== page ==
Margarita recognized him immediately, she let out a moan, clasped her hands and ran to him. She kissed his forehead, his lips, pressed her face against his prickly cheek, and long pent-up tears streamed freely down her face. She uttered only one word, senselessly repeating it over and over, “You…you…you…”
–Mikhail Bulgakov, The Master and Margarita (243)
One of the many wonderful jokes in the book The Master and Margarita is the Devil’s inability to impress the good people of Moscow circa 1930 of his unsavory powers, poor Dear. Time and again he is assumed to be a German or an agent of some frightening official governmental agency- and really, what could be worse?
“Well,” the latter said pensively, “they are like people anywhere. They love money, but that has always been true…People love money, no matter what it is made of, leather, paper , bronze, or gold. And they are thoughtless…but, then again, sometimes mercy enters their hearts…they are ordinary people…On the whole, they remind me of their predecessors…only the housing shortage has had a bad effect on them.” (104)
Just so- as only a housing shortage can. I sympathize. In this reworking of Faust and Pontius Pilate, Bulgakov combines life’s most ordinary details with the theater of mystery. The eponymous Master and Margarita do not even enter the novel until about one hundred pages in, it’s the Devil’s work apparently to earn the respect of the already fearful, weary denizens of Russia and establish oneself as the cynosure. But, Satan, although necessary, never was the center and finally the heart of the story unfolds:
“Just like a murderer jumps out of nowhere in an alley, love jumped out in front of us and struck us both at once! The way lightening strikes, or a Finnish knife! She, by the way, would later say that it wasn’t like that, that we had, of course, loved each other for a very long time, without knowing or even having seen each other, and that she was living with another man…and I was then…with that…what’s her name…” (116)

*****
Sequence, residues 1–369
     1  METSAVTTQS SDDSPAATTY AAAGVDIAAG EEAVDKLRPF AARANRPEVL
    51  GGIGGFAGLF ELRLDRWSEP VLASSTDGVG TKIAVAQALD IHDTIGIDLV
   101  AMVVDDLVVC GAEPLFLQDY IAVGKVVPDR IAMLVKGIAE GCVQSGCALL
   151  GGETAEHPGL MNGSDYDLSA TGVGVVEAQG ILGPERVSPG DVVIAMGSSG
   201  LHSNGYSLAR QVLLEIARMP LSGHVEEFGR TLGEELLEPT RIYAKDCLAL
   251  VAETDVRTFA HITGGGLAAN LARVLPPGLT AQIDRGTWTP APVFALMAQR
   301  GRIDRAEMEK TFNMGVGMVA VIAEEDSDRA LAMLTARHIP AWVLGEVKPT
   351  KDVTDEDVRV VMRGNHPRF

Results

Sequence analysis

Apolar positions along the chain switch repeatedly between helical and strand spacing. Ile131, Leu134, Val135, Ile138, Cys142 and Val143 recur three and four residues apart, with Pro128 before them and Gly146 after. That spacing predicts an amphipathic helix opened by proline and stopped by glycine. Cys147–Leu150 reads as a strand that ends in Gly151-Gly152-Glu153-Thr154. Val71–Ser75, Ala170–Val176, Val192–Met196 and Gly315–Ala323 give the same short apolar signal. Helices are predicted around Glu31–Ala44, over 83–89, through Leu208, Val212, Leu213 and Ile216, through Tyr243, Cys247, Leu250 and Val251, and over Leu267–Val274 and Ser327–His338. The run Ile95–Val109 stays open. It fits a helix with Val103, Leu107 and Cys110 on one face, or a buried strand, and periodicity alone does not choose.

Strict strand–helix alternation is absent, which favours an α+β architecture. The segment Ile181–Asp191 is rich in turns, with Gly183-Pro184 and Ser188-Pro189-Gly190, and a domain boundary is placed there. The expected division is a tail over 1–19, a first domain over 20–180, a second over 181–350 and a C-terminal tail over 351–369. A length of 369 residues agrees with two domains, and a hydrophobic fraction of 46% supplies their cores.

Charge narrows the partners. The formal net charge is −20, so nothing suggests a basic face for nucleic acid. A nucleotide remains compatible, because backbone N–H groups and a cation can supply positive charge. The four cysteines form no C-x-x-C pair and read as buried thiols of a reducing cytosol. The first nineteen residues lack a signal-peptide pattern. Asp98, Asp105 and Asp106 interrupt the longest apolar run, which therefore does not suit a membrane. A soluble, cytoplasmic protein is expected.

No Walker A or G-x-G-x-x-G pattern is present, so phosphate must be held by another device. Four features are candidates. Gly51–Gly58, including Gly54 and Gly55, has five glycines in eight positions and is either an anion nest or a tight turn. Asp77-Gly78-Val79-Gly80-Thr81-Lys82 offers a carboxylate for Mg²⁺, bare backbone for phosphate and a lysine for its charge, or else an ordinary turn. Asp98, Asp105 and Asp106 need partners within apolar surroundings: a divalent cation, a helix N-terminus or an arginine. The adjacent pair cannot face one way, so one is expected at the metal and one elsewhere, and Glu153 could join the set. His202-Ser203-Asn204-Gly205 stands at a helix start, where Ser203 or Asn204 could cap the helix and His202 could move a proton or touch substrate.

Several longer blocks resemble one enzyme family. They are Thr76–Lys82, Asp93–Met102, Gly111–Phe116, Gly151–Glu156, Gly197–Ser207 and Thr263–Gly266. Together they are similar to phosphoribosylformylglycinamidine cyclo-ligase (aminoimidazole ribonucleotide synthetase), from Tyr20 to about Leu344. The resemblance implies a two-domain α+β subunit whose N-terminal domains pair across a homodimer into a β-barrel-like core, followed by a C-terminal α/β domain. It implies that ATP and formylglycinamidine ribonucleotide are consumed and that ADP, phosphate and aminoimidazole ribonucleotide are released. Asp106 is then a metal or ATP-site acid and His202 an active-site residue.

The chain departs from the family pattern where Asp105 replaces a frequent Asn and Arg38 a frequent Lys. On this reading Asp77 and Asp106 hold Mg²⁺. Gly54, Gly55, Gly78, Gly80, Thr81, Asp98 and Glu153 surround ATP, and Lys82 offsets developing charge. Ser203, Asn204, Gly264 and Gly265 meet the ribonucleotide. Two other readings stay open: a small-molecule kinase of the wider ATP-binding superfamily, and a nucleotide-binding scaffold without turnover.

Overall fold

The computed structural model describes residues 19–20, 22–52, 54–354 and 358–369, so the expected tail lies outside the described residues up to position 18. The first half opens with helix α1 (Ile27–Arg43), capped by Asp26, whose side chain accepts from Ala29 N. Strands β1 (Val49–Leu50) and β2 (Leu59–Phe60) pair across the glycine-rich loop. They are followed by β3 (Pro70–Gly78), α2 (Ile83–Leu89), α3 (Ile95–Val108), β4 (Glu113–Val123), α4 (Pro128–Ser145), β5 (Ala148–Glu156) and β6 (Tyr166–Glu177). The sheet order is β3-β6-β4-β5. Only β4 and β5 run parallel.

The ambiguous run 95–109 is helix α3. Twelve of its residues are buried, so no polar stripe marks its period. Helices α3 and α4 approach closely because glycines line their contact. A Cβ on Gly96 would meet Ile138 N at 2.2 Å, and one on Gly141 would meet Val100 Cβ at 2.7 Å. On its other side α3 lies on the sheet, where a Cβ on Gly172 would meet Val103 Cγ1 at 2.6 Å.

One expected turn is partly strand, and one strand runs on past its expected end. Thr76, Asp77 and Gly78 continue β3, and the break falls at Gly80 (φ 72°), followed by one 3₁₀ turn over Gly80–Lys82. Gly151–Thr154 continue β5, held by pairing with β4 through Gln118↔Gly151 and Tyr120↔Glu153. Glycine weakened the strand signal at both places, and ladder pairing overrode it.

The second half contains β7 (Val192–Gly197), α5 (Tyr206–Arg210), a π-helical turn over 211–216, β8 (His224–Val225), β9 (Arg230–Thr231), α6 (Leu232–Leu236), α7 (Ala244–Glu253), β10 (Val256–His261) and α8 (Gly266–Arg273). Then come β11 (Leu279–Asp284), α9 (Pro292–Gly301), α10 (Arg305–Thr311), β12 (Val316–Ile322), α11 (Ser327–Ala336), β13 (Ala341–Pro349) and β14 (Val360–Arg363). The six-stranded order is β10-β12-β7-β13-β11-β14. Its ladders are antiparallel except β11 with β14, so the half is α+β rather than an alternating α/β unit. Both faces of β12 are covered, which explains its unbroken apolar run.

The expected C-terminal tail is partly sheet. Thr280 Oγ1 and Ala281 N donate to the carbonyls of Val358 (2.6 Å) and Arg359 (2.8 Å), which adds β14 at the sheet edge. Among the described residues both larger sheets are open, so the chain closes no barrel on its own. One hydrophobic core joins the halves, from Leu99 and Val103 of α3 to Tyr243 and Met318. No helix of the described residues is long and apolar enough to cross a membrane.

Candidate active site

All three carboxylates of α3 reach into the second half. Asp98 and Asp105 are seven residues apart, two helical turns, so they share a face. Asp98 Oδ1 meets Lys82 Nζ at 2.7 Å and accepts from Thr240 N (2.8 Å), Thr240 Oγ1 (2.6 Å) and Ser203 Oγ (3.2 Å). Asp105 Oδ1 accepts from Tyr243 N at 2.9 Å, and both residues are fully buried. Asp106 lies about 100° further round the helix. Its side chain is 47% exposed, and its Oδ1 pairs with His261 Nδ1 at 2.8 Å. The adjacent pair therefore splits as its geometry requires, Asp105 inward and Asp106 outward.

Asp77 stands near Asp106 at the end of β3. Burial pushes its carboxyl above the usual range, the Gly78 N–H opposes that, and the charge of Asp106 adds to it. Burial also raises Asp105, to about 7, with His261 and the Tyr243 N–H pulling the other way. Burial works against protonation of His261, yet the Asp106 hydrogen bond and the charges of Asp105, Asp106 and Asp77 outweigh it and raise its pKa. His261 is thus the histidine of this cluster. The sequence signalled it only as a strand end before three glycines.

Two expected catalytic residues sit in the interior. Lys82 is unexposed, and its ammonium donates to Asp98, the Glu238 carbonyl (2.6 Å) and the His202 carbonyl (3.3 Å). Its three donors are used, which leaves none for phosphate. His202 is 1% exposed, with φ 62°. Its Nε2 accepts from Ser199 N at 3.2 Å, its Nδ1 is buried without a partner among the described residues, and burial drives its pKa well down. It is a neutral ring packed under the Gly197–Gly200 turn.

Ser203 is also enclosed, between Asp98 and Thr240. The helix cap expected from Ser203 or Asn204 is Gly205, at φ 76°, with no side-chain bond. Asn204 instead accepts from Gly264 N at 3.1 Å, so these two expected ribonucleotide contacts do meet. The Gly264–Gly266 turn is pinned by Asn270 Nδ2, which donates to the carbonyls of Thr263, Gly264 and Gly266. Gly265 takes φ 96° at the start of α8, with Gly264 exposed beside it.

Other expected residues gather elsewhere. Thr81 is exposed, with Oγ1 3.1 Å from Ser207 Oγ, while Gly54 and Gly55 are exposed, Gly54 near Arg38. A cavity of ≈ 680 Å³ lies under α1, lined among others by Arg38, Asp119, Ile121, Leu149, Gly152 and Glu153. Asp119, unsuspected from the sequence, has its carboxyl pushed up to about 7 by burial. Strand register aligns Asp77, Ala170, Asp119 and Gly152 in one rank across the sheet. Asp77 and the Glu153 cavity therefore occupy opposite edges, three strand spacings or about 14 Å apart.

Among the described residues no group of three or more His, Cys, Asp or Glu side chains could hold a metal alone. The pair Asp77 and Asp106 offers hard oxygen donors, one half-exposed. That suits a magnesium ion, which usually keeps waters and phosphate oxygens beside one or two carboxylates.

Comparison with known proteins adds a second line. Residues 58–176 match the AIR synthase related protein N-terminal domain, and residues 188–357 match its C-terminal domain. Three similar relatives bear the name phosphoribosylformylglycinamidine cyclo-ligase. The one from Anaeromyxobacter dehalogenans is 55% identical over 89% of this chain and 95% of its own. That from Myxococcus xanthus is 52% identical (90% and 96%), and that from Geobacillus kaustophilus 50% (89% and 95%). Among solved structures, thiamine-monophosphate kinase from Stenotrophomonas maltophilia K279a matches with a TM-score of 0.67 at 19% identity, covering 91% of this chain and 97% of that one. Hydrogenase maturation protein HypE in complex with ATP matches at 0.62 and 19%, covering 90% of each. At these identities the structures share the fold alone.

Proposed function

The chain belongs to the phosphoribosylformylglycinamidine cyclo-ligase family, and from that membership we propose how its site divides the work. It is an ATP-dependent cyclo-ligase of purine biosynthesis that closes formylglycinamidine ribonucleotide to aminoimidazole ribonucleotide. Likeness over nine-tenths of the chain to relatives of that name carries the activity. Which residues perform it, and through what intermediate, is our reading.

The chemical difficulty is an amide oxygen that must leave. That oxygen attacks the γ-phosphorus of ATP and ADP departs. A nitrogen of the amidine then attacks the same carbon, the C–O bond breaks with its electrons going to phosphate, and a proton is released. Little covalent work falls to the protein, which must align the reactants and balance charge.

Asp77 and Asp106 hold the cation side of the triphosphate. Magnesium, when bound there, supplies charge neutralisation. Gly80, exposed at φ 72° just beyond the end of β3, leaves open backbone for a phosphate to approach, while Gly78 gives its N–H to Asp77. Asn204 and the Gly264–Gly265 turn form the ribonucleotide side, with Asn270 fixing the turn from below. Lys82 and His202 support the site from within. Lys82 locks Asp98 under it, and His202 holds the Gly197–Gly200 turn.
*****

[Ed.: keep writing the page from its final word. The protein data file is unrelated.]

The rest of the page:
A Finnish knife, I love that. The Devil is a magician and a consultant, a fair dealer that understands compassion, not to mention what is perhaps particularly devastating to human beings: when Margarita helps host Satan’s ball she is given the most sage advice:
“And another thing: don’t ignore anyone! Give a little smile if you don’t have time for a word. Even the tiniest nod of your head will do. Anything you wish, but not indifference. That causes them to wither…” (224)
Bulgakov invariably speaks in code, leaving hints and tidbits throughout the novel to exact revenge, or poke fun at individuals, groups and even certain apartment buildings. Musical, literary and religious references abound, every number, name, and event is significant and adds to the fun of reading the book.
As it turns out we are, most of us, alike. Not even the Devil’s minions are immune to life’s humiliations- Trying to get seated at a restaurant frequented by writers, even they cannot escape the double whammy of bureaucratic harassment and artistic limitations:
“Are you writers?” asked the woman in turn.
“Of course we are,” replied Korovyov with dignity.
“May I see your ID’s” repeated the woman.
“My charming creature…” began Korovyoy, tenderly.
“I am not a charming creature,” interrupted the woman.
“Oh what a pity[…]But here is my point, in order to ascertain that Dostoevsky is a writer, do you really need to ask him for ID? Just look at any five pages of any of his novels, and you will surely know, even without ID, that you are dealing with a writer[…]”
“You are not Dostoevsky.”
No, but Bulgakov understands and wants to say that the possibility exists, and the way is through mercy. In his novel, that is an area of agreement between both Satan and Jesus. Compassion is the key to art, to peace, and to life.
“Follow me, reader! Who ever told you there is no such thing in the world as real, true, everlasting love? May the liar have his despicable tongue cut out!
Follow me, my reader, and only me, and I’ll show you that kind of love!”
If we are going to be followers, we might as well follow the love.
*Title from page 100-101, The Devil (as the magician Mr. Woland) is introduced onto the stage- “And so, since we all applaud both expertise and its exposé, let us welcome Mr. Woland!”
*Thanks to the wonderfully named tumblr blog wordskillunltd for the recommendation.